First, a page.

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A Primer on How Faster Approval Works

The FDA's drug-approval process has several tracks that help medications quickly go from clinical research to clinical use.

BY Mike King
PUBLISHED March 03, 2011

Over the past two decades, the FDA has changed its drug-approval process several times, with each iteration aimed at speeding the time it takes for medications to go from clinical research to routine use. 

For drugs being developed to treat serious and life-threatening diseases, such as metastatic cancers—those that seem to have a low risk of serious complications and some preliminary evidence of prolonging survival—the process can be even faster. 

The agency allows these drugs on the market on a conditional basis, but usually demands the manufacturer conduct ongoing, controlled studies to determine whether the preliminary promise holds true. The manufacturer is required to compile these studies for several years after the drug gets preliminary approval. Once confirmatory data is compiled, the drug is eligible for traditional approval from the agency.

Manufacturers can ask that drugs be assigned to one of three approval tracks.

. . . . .

The process: Moving drugs that fill unmet needs and treat serious conditions, such as cancer and Alzheimer’s, as fast as possible through the pipeline. 

Approval measures: Determining whether the drugs impact survival, improve day-to-day functioning and prevent the likelihood of the disease progressing if left untreated.Preliminary studies must indicate some advantage over available treatment, an alternative to drugs with more serious side effects, improvement to diagnosing a serious disease where early diagnosis affects  outcome or decreasing the chances of toxicity of an accepted treatment.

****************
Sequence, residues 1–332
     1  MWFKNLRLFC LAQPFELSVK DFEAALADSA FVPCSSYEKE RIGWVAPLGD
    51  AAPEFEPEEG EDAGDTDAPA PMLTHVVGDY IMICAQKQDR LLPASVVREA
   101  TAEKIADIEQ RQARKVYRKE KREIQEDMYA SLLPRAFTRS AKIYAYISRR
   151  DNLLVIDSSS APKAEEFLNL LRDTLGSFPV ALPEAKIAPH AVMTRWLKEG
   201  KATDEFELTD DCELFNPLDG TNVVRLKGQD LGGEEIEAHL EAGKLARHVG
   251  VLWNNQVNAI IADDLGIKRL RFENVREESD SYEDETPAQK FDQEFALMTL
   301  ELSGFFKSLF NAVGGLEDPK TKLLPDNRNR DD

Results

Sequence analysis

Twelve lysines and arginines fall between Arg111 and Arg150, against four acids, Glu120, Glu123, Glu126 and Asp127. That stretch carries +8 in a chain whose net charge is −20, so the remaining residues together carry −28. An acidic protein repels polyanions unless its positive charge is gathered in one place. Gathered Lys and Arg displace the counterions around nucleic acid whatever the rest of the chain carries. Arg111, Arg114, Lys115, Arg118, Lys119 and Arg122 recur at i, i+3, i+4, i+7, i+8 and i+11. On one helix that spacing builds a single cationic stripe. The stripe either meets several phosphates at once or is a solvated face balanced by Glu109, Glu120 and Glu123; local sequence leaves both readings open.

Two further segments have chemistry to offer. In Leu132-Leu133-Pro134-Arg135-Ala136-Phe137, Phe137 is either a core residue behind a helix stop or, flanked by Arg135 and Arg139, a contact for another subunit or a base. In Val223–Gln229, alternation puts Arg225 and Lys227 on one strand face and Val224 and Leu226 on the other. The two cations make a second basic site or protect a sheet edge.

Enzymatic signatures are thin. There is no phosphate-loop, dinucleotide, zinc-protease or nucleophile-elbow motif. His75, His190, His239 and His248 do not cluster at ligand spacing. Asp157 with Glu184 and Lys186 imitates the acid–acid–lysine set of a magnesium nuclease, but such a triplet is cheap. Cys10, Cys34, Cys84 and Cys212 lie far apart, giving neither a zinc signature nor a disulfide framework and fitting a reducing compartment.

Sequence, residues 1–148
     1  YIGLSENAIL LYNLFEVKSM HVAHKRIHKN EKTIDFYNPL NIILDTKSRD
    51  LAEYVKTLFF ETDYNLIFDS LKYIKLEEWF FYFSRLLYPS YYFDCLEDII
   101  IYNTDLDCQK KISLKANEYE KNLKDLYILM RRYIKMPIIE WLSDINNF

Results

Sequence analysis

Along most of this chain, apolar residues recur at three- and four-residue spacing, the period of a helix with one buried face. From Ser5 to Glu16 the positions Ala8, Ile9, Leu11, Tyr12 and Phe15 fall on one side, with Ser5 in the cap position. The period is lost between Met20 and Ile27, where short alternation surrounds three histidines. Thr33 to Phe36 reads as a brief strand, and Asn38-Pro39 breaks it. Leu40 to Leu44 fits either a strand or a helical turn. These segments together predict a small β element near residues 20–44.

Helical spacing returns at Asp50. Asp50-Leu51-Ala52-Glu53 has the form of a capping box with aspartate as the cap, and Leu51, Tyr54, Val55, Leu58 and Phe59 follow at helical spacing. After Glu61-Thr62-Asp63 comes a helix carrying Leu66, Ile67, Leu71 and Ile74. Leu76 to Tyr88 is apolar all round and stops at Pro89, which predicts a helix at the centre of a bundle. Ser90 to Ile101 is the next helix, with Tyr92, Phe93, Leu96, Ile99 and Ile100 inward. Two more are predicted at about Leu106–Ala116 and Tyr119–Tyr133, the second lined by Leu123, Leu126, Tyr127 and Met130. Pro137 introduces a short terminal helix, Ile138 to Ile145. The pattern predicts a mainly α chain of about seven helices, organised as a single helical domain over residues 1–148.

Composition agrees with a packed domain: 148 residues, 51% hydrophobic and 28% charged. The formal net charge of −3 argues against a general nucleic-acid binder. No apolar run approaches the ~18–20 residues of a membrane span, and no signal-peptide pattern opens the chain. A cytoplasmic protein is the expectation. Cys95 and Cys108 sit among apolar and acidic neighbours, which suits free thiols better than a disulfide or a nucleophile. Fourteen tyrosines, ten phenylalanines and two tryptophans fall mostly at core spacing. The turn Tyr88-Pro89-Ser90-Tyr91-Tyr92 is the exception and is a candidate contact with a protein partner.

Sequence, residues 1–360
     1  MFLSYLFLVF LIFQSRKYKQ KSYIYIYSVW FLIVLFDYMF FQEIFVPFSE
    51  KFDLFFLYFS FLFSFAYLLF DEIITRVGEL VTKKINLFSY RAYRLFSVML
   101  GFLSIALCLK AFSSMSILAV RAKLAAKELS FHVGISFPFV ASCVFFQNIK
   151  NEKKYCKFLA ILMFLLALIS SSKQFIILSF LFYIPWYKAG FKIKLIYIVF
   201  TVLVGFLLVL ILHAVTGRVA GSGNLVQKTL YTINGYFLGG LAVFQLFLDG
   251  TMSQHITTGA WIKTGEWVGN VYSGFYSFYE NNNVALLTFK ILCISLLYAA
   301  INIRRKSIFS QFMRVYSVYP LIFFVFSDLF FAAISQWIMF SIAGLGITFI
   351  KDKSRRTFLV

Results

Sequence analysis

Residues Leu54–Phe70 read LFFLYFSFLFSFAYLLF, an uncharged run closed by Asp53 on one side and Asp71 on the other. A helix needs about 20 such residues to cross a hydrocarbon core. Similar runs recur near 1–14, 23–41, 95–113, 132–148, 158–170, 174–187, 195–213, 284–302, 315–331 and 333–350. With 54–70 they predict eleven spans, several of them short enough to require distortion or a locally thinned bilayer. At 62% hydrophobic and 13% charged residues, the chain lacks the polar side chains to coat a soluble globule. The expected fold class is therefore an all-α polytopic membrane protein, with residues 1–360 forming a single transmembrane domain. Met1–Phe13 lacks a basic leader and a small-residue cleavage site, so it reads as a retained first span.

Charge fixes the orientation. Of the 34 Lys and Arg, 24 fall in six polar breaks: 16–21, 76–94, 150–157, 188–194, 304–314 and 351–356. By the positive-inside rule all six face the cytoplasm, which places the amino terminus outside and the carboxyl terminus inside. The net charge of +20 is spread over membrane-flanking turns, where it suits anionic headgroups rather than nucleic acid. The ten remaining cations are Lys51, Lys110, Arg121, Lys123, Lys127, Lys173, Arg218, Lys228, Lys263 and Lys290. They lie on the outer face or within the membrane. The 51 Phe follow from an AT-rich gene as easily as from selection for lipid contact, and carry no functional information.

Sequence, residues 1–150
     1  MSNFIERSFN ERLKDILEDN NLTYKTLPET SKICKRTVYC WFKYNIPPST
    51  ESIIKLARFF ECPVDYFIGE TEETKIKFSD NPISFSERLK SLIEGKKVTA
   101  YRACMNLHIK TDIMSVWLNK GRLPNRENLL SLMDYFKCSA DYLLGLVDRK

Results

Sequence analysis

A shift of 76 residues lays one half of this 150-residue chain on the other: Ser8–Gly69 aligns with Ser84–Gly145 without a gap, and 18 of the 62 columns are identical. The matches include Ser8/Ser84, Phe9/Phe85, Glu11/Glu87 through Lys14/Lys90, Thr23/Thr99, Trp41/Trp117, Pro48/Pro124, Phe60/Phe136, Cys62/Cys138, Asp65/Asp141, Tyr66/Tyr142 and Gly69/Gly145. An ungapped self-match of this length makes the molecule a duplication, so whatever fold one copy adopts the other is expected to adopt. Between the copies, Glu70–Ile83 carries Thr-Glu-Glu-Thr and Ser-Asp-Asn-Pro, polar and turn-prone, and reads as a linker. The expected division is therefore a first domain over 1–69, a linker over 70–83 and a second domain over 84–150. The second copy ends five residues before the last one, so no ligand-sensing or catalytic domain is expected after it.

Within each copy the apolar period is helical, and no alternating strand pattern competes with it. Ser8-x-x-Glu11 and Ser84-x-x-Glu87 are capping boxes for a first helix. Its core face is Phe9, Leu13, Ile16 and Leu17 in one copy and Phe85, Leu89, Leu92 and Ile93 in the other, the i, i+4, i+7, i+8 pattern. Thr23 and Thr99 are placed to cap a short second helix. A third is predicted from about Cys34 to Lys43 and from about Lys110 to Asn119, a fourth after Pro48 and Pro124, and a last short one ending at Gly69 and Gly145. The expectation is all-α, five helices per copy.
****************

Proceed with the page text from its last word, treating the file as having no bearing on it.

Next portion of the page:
. . . . .

The process: Conditional approval for drugs going through clinical trials that show a significant outcome prior to trial completion. 

Approval measures: Efficacy must be verified in a phase 3 or 4 trial. Drugs don’t necessarily have to prove they significantly prolong lives. They can be measured on what researchers call a “surrogate endpoint,” which is a clinically meaningful outcome that can be a physical sign or laboratory measurement that is known to correlate with a more standard approvable endpoint. For example, whether patients’ tumors show significant shrinkage.

. . . . .

The process: Drugs that offer significant improvement to existing therapies or offer treatment where no adequate therapy exists can have a priority review, where the FDA agrees to a hurried-up hearing process and reduces other regulatory hurdles. 

Approval measures: A drug must show the potential to significantly advance treatment, including substantially reducing a drug reaction or showing effectiveness in a new subpopulation of patients, such as children.

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